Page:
“We’re talking about rats that look like cats,” one resident of Elliot Chelsea Houses said. “You can stand in front of the building—it can be four…five o’clock in the afternoon—you’ll see them coming back and forth like it’s nobody’s business.”

They weren’t hard to find. Residents say rats have made themselves at home, becoming a far too common sight this summer.

People filled the community center here for what organizers called a “rat academy,” with health officials educating residents and property owners on how fight a problem plaguing west side neighborhoods.

“We’ve gotten a really high number from the west 20’s in Chelsea. That’s where the largest number come from. We also get complaints from in Greenwich Village and Hell’s Kitchen as well,” said Councilman Corey Johnson.

The informational brought out community gardeners who are trying to figure out why their urban are turning into rodent havens.

“Anything that has fresh healthy soil becomes vulnerable to rat burrowing,” one woman said.

“People are freaked out of doing their gardening this year because of the rat problem,” another neighborhood resident said. “They eat flowers. They eat veggies.”

They also eat food left in the garbage. Some at the session were given trash bins designed to keep rats out but here at the Elliot Chelsea Houses, where those burrows were in abundance, some are wondering how much worse their rat problem is going to get.

“I see that the rats are getting bigger and there’s more of them,” one resident said.

Health officials suggest getting one of those rat resistant trash bins if you can, since rats can easily chew through garbage bags, and need relatively little food and water to thrive.


DNAinfo: ‘Rat Academy’ Seeks To Counter Growing Rodent Problem in Chelsea

July 27, 2015

Neighborhood residents will arm themselves with a new weapon against rodents Monday night: knowledge.

City Councilman Corey Johnson has organized a “Rat Academy” in response to a rise in complaints about rats in the neighborhood.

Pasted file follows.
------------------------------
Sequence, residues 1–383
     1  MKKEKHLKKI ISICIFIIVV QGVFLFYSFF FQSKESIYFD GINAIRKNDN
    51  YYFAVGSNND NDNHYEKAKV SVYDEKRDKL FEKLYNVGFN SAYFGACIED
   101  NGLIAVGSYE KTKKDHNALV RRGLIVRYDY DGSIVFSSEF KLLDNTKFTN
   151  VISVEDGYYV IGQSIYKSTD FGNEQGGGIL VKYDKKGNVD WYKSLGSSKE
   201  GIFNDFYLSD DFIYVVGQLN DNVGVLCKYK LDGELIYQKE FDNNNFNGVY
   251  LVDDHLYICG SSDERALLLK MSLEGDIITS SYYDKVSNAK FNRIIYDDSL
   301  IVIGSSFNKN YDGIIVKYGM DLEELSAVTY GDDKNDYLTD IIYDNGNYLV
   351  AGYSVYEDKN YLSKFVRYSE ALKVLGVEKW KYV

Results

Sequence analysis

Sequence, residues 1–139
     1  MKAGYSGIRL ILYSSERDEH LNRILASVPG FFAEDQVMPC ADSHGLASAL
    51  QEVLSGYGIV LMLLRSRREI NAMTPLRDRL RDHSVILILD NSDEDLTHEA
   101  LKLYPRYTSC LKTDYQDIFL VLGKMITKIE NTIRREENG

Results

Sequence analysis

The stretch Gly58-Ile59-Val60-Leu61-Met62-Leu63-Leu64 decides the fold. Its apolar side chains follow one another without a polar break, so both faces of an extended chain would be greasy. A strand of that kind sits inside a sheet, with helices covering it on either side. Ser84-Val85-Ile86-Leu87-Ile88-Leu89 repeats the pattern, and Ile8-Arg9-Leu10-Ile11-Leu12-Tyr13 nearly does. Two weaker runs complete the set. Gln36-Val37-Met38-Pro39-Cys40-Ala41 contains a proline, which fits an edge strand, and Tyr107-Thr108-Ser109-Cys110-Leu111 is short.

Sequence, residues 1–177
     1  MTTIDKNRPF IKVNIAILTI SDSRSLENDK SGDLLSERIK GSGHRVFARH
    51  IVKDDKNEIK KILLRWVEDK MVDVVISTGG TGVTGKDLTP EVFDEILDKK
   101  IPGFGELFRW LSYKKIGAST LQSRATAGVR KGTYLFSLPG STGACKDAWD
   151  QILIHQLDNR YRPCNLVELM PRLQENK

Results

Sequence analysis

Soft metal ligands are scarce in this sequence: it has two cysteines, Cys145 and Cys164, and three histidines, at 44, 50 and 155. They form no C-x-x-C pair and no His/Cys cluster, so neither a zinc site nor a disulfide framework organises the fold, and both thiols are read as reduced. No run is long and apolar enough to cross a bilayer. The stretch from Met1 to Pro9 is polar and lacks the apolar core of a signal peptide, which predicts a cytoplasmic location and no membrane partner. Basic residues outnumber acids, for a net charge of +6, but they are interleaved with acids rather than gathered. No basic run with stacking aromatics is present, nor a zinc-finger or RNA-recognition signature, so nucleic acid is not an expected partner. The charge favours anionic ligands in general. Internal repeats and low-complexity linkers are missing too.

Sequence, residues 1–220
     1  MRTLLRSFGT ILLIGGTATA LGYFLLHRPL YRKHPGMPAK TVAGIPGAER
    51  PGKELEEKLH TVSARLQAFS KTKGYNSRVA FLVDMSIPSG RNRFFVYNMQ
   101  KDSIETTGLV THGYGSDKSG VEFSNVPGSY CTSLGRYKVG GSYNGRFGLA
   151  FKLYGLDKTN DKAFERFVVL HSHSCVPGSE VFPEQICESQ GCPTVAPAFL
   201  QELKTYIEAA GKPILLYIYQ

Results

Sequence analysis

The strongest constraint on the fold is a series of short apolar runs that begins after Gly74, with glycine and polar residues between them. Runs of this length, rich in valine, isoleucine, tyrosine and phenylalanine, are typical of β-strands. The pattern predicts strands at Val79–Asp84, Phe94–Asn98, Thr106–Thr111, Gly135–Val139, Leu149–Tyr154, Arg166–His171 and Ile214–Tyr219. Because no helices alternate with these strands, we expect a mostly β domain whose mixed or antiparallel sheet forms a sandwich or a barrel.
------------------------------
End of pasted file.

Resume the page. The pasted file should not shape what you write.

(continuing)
“We were getting more and more calls, particularly from Chelsea residents, that this was a growing problem,” Johnson said in a statement.

“We’ve been responsive and were constantly reaching out to the Department of Health and Mental Hygiene to investigate various cases,” he said. “But when it comes down to it, it’s more effective and more efficient to give the community the tools it needs to prevent rats from showing up in the first place.”

The training will be held Monday from 6 to 8 p.m. at the Hudson Guild Center at 441 W. 26 St. Representatives from the Department of Health will review methods for rat prevention. Plus, 20 rodent-resistant garbage cans will be raffled off, according to the flier.

The training is appropriate for building superintendents, tenants, maintenance and building management employees as well as those maintaining community gardens.

“If we can get our neighborhoods unified and trained on this, then we are going to start seeing some real results,” Johnson said. “I’m grateful that DOHMH is going to come and show us a thing or two about prevention.”


The Villager: Bea Arthur Residence is a ‘Golden’ moment for homeless gay youth

July 23, 2015

Using a $3.3 million grant from the City Council, the Ali Forney Center will renovate an East Village brownstone and open a residence for homeless queer youth there in late summer of 2016.

“The last 13 years have been extraordinary,” Carl Siciliano, AFC’s founder and executive director, said at a July 20 event marking the start of the renovation of the E. 13th St. facility. “Our community has woken up to the need to help our L.G.B.T.Q. youth.”

On June 29, AFC, which was founded in 2002, purchased the vacant building for a dollar from the city’s Department of Housing Preservation and Development. The City Council money, which was originally budgeted in 2012, will pay for the renovation. Because AFC owns the building, cash for operations from two grants the agency has from the federal Department of Housing and Urban Development can go toward providing services, as opposed to paying rent.

“It’s the first building we own, which is a real game changer,” said Alex Roque, AFC’s director of development.

The 18-bed residence is named for actress Bea Arthur, who left $300,000 to AFC in her will. Arthur died in 2009. The beds will add to AFC’s existing inventory of 89 beds and another 18 that are expected to come online in the fall.

The city took over the building in a tax foreclosure action in 1991. It has fallen into disrepair since then. The front of the building is closed off with a chain-link fence and the interior, which is largely inaccessible and will be gutted, shows significant deterioration. While New Yorkers are known for generally supporting social services agencies as long as they are serving clients in someone else’s neighborhood, this facility was welcome.

“I know the residents on this block are happy there’s going to be a beautiful new building here,” said Steve Herrick, executive director of the Cooper Square Committee, an East Village nonprofit that develops affordable housing and other facilities. The committee partnered with AFC in developing the facility.

The groundbreaking included references to “Golden Girls,” the TV series that aired from 1985 through 1992 and starred Arthur, Betty White, Rue McClanahan and Estelle Getty, and “Maude,” another series that starred Arthur that ran from 1972 through 1978. Cheesecake, which was an ongoing bit on “Golden Girls,” was served following the groundbreaking.